Roseline-Ntshingila Khosa
University of Cambridge, United Kingdom



This paper aims to provide an overview of the process of de-racialisation and integration in South African schools. The paper will first provide an overview of the education system in South Africa by outlining the educational context before 1994 and after 1994. The second part of the paper will outline the challenges that face the process of de-racialisation and integration in schools that are mixed. The third aspects will focus on school based initiatives to deal with issues of de-racialisation and integration. This will be followed by an outline of the potential of the new curriculum, Curriculum 2005 to be one of the tools of integration. The concluding section will indicate that policy alone will not deal with integration, individual teachers, students, parents will need to commit themselves to welcoming and celebrating diversity.

Education Background

Prior to 1994, the education system in South Africa was divided according to racial grounds. Blacks, Indians, Coloureds and White attended different educational institutions. This arrangement, which permeated through out all sectors such as housing, welfare services, transport, concealed the diversity of the South African populace. The apartheid education policy then ensured that whites received a large portion of the education budget at the ratio of 6:1 for whites and blacks respectively. Teacher training, resourcing, teacher salaries were also unequal. As a result, the achievement tests in white schools tended to be higher than those in black schools. Education for blacks was thus perceived as inferior, with that of Indians and Coloureds being second place from white education.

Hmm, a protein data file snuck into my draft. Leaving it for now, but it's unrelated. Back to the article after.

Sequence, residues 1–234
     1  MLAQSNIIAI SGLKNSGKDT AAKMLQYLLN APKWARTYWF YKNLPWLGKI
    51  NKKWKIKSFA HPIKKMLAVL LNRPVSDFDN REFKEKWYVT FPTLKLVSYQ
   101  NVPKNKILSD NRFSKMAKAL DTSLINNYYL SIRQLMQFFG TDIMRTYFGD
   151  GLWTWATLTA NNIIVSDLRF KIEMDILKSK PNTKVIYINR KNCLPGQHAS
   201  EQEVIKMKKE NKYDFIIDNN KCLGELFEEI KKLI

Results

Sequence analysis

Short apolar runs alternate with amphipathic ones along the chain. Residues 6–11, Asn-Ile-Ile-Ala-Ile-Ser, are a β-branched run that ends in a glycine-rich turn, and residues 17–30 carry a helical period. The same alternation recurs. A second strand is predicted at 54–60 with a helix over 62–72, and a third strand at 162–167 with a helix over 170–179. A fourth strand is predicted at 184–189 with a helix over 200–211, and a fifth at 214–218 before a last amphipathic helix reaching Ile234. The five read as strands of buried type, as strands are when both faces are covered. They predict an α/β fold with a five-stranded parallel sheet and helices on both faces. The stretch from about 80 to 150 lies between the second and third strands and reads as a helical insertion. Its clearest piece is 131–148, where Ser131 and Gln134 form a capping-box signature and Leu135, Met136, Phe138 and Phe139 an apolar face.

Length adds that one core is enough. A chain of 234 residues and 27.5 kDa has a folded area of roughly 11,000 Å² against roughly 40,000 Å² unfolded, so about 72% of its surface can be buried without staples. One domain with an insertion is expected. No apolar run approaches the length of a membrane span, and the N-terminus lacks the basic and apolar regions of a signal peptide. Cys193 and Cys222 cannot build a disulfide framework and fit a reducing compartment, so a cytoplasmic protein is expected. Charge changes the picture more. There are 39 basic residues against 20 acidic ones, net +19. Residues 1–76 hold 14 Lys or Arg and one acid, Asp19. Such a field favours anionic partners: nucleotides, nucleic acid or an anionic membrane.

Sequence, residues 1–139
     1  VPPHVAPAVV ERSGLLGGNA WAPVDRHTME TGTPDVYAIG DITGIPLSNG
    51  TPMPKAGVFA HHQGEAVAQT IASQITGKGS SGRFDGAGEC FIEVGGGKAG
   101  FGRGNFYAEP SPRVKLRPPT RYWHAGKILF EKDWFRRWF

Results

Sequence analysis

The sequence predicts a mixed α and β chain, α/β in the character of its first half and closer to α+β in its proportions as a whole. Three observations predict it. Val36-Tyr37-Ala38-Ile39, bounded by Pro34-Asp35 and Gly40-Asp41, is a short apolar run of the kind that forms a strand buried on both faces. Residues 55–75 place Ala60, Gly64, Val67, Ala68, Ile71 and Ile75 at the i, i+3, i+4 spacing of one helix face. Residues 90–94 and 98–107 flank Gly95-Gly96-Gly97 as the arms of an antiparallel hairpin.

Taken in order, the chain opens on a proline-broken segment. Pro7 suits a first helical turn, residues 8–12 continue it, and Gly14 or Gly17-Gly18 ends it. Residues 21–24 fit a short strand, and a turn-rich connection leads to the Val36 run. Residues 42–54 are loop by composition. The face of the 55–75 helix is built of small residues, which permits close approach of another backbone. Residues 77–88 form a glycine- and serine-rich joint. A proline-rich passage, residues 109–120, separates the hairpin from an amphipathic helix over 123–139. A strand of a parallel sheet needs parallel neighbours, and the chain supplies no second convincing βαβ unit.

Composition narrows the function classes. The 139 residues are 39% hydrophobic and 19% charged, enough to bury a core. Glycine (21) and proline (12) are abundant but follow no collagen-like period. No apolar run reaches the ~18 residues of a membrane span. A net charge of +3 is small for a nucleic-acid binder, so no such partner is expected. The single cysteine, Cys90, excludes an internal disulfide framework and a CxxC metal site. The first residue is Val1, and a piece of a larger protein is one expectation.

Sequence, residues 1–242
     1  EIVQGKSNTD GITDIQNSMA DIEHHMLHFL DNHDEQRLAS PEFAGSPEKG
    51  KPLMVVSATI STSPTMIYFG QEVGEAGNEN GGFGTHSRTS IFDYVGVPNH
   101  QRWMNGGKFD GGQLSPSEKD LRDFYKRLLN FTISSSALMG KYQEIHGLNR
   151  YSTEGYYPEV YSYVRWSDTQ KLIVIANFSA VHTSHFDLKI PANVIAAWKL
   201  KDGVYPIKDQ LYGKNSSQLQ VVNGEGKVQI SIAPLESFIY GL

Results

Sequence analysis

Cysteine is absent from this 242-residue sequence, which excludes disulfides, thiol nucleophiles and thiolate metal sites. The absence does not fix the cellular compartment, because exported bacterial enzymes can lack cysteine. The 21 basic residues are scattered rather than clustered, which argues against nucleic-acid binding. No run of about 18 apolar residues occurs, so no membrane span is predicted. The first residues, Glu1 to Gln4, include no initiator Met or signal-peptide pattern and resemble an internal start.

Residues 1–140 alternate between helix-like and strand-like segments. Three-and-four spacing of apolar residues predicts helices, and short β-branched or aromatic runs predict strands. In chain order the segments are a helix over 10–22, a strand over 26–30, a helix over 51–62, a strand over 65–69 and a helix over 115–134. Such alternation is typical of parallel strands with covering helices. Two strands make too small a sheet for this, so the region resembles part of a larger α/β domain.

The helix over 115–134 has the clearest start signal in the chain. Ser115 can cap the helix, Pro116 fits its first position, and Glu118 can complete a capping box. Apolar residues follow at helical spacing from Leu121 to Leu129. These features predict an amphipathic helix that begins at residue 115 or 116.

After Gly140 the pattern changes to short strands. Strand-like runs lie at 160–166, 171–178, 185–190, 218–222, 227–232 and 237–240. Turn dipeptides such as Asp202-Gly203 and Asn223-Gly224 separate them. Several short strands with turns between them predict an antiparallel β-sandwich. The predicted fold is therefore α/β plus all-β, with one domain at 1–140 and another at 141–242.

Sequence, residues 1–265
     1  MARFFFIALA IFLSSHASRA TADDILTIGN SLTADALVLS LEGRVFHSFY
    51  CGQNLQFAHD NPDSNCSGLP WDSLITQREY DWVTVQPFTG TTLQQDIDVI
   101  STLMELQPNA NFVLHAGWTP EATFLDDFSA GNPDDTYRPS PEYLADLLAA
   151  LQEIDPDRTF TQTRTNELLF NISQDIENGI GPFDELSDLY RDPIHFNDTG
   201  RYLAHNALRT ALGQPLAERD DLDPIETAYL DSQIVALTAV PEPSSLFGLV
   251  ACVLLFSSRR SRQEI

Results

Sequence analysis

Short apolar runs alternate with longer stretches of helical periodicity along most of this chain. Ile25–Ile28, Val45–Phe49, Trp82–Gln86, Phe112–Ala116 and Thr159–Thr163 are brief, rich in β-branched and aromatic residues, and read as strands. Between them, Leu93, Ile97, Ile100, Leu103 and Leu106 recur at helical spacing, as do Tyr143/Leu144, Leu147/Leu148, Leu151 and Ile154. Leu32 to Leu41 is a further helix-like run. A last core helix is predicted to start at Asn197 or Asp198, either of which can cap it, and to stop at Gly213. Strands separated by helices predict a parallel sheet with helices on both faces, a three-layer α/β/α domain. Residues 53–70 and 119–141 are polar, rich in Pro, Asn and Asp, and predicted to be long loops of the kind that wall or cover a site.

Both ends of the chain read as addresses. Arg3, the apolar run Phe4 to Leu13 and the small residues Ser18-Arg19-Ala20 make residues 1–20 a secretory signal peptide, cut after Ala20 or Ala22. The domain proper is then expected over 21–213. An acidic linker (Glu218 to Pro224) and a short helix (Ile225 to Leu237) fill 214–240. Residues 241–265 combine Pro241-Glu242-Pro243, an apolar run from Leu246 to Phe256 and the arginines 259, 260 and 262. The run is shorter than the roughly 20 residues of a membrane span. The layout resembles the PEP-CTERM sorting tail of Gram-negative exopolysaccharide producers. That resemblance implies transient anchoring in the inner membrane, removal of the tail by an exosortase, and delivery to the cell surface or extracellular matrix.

After the 1994 elections, all schools were open to all children. This led to a process of black flight from black township schools to those of Indians, coloureds and whites. This flight was unidirectional. Ironically, this flight has been matched by white flight from previously white schools to private schools (Sunday Times, ). This influx of blacks to previously secluded schools led to diverse races, cultures and religions in schools for which teachers were not trained nor prepared. This challenge of de-racialisation and integration in ex-Model C schools (mixed schools) was exacerbated by the education policy prior to 1994. The apartheid education policy was aimed at brain-washing all races to believe that the everything about blacks was barbaric and inferior and vice versa. Therefore, the challenge now is not only to deal with diversity but with teachers' own prejudices and stereotypes about the 'other' that have been engraved over a number of decades. The next section will discuss attempts to de-racialise and integrate schools at the macro (national and provincial) and micro (school) level.

Macro level